A 1988 essay entitled ‘The University and the Leadership Factor in Nigerian Politics’ perhaps surprisingly offers a message directly applicable to the current moment in British politics. ‘Leadership is a sacred trust, like the priesthood in civilised, humane religions’, Achebe writes. ‘No one gets into it lightly or unadvisedly, because it demands qualities of mind and discipline of body and will far beyond the need of the ordinary citizen. Anybody who offers himself or herself or is offered to society for leadership must be aware of the unusually high demands of the role and should, if in any doubt whatsoever, firmly refuse the prompting’. (p.143) The subject of discussion in this essay is the failure of leadership in Nigerian politics and the knock-on effects of this failure on society as a whole, but Achebe’s universal philosophy takes in so much more, allowing us to apply these comments to a situation occurring thousands of miles away and two decades into the future. His writings should be on a list of required reading for all those thinking of taking up office; perhaps then we might end up with a political class ready to treat the electorate with the respect it is due.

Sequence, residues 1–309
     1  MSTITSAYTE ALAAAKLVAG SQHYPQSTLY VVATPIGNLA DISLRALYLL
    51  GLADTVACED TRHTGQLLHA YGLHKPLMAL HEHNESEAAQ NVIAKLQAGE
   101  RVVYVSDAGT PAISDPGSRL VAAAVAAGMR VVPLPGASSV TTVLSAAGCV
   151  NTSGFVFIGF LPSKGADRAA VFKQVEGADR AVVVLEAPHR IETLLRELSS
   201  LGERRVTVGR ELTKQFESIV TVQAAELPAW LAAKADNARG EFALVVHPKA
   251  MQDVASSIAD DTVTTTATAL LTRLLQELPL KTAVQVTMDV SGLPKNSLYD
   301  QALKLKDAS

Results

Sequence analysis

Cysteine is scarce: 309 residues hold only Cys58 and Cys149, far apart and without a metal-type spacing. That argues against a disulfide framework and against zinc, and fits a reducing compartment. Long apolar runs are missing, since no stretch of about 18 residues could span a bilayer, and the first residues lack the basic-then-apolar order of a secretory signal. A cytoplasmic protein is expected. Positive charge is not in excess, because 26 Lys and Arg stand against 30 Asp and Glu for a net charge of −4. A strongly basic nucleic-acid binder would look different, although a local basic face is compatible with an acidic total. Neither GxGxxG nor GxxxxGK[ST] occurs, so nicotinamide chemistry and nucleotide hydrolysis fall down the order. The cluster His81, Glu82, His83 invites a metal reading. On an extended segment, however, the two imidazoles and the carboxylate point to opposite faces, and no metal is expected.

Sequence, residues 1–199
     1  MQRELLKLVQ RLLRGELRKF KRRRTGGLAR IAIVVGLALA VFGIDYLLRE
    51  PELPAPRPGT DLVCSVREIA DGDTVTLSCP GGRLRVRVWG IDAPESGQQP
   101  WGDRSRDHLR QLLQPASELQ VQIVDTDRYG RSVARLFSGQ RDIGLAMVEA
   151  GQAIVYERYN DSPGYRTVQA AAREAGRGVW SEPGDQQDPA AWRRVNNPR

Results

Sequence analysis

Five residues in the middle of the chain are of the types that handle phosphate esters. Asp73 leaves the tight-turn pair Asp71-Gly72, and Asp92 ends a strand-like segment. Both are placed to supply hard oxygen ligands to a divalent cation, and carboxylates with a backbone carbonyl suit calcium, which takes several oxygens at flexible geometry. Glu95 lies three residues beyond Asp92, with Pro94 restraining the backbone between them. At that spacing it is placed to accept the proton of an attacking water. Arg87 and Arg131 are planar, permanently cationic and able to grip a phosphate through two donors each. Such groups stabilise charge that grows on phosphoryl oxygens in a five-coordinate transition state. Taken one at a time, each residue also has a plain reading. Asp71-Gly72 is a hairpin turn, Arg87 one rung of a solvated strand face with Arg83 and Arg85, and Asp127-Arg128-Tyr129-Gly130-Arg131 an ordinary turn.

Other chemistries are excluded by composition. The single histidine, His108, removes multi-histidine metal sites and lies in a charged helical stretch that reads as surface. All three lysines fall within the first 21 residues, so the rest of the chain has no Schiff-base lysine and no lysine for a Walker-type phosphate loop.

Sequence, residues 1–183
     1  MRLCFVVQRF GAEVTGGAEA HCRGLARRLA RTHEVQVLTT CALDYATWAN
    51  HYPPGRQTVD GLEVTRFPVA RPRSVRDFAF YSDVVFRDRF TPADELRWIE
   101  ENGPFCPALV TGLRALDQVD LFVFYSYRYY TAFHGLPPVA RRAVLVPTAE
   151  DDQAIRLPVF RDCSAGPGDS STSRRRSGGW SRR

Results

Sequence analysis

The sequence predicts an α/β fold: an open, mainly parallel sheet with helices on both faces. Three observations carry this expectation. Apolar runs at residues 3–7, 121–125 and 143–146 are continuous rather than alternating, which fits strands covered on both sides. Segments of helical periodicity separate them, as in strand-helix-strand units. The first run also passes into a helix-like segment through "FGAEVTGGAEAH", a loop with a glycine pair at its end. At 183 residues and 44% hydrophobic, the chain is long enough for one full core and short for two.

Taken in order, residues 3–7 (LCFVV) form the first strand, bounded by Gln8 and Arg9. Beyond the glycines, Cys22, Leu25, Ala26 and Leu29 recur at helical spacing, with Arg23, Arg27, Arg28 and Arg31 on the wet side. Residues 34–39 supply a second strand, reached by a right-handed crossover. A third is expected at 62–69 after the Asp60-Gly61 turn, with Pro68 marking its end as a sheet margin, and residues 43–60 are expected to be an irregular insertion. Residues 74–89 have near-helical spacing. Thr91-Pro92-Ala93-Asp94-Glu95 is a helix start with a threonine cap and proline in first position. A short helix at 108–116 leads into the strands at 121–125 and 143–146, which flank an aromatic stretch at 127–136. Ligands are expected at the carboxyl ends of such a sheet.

In the end, what makes Achebe so readable and his work such a valuable resource when it comes to thinking about colonialism, race relations, international relations or literature is the humanity that suffuses his writing. Born a ‘British-protected’ Christian member of the Igbo tribe, educated courtesy of a colonial-controlled Nigerian state, now resident in the United States of America and well respected in the international literary and academic community, Chinua Achebe belongs to and is claimed by many groups. By drawing on the positive aspects of each of these areas of experience, but ultimately refusing to be limited by their boundaries, Achebe brings these disparate worlds together in his work, creating a literary voice that speaks to and of humanity. He is a writer to be treasured and respected.